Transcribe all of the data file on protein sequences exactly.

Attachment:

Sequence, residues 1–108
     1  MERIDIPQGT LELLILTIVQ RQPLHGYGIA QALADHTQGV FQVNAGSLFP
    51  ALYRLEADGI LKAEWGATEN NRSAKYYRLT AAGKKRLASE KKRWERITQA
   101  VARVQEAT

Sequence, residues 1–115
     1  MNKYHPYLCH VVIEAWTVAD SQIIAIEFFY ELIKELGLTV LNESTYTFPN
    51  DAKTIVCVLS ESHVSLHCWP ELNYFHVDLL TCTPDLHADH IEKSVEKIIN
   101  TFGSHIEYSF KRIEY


Sequence, residues 1–108
     1  MERIDIPQGT LELLILTIVQ RQPLHGYGIA QALADHTQGV FQVNAGSLFP
    51  ALYRLEADGI LKAEWGATEN NRSAKYYRLT AAGKKRLASE KKRWERITQA
   101  VARVQEAT

Sequence, residues 1–115
     1  MNKYHPYLCH VVIEAWTVAD SQIIAIEFFY ELIKELGLTV LNESTYTFPN
    51  DAKTIVCVLS ESHVSLHCWP ELNYFHVDLL TCTPDLHADH IEKSVEKIIN
   101  TFGSHIEYSF KRIEY